When it comes to inflation there is a fork in the road, with the developed world moving in one direction and emerging markets taking a different route.
The world is facing an inflationary dichotomy. Advanced economies have excess production capacity and little pricing power, leading to an extended period of low inflation. At the same time, emerging markets, sensitive to volatile commodity prices, are experiencing higher inflation. The division is startling.
Northern Trust’s economic team and others expect inflation in the United States to remain low for the next five years or so, running well below the 4.0% trigger for concern. In overheated economies such as China and Brazil, with inflation rates hovering above 5.0%, government efforts are under way to tame inflation. The Eurozone hovers somewhere in between, with March 2011 inflation pegged at 2.7%, but worries remain that higher commodity and fuel prices will filter down into higher wage costs, which could extend this period of higher inflation.
Rising food and commodities prices also have raised concerns that inflation could become a hot button issue in emerging markets, which in turn could affect advanced economies.
When deciding how to position their portfolios, institutional investors need to consider two inflation scenarios: mild and wild.
“If inflation remains mild, then stocks do well. That’s because stocks have the benefit of pricing power and investors are not worried about the Fed raising rates,” says Jim McDonald, chief investment strategist at Northern Trust, Chicago. “The wild scenario is where it becomes more treacherous, and the bond market reacts negatively to higher inflation. Then you want exposure to real assets, such as commodities, to protect against this inflation.”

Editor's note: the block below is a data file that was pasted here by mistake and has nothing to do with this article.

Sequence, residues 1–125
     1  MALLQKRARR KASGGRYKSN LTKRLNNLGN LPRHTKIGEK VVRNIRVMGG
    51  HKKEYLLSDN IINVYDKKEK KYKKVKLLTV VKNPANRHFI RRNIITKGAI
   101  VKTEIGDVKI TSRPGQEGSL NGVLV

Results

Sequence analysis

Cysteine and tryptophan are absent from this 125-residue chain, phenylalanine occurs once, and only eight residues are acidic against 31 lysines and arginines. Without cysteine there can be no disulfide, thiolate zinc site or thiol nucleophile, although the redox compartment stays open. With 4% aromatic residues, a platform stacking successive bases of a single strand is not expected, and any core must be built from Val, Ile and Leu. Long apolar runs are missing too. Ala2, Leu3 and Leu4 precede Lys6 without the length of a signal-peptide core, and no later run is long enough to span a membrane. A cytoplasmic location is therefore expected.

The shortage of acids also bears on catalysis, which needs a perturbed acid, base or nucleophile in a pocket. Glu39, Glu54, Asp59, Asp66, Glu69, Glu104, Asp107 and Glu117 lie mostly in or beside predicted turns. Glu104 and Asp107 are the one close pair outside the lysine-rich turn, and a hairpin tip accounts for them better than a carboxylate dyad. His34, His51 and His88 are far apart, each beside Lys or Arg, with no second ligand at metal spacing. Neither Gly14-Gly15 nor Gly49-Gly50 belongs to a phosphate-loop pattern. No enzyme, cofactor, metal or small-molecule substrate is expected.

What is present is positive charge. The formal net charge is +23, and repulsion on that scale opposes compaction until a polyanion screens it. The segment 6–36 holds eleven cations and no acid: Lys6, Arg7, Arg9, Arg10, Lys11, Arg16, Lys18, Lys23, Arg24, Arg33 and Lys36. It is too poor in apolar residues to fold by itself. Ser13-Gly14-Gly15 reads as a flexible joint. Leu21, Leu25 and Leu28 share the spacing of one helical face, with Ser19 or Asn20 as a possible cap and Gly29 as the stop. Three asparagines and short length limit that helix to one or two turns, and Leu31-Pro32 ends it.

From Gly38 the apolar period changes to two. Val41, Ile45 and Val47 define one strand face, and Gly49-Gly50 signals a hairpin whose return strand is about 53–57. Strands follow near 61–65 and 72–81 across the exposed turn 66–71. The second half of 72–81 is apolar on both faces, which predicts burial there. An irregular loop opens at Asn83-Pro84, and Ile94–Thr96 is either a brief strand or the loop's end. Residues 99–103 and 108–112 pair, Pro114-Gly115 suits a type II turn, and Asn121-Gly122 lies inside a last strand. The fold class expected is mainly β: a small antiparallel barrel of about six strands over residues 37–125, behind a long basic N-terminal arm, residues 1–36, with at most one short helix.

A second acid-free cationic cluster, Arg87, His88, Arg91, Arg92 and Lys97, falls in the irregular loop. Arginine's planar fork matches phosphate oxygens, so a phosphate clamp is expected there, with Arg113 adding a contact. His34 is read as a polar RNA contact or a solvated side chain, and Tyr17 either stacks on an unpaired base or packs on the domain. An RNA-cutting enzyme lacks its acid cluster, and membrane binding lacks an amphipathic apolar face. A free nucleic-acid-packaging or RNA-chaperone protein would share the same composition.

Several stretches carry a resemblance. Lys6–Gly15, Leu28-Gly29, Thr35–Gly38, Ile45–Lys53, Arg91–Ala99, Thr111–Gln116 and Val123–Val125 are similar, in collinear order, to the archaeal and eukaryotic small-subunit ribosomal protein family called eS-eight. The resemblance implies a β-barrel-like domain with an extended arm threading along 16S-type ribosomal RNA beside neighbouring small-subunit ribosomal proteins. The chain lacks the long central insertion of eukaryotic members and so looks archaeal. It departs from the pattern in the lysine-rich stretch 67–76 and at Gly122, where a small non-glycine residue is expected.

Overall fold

With the United States currently knee-deep in a sluggish recovery, inflation is not expected to be an issue for several years. “We are not expecting an inflation explosion in the United States,” explains McDonald. “We expect to see 2% to 3%, not 5% to 6%, for the next five years.”
“If inflation remains mild, then stocks do well. That’s because stocks have the benefit of pricing power when most investors are not worried about the Fed raising rates.”
—Jim McDonald, chief investment strategist, Northern Trust
Paul Kasriel, chief economist at Northern Trust, Chicago, finds monitoring yields on five-year U.S. Treasury Notes to be a good way to gauge investors’ inflation expectations. The spread between regular five-year U.S. Treasuries and Treasury Inflation-Protected Securities (TIPS) â€“ considered the break-even inflation rate â€“ currently stands at 2.30%. This means the market is anticipating the consumer price index to increase on average by 2.30% per year during the next five years.
“This forecast is derived from investors who are putting their own money on the line,” Kasriel explains. “It shows that the market is not terribly concerned about inflation.” He adds that no financial market is more sensitive to inflation concerns than the U.S. Treasuries market.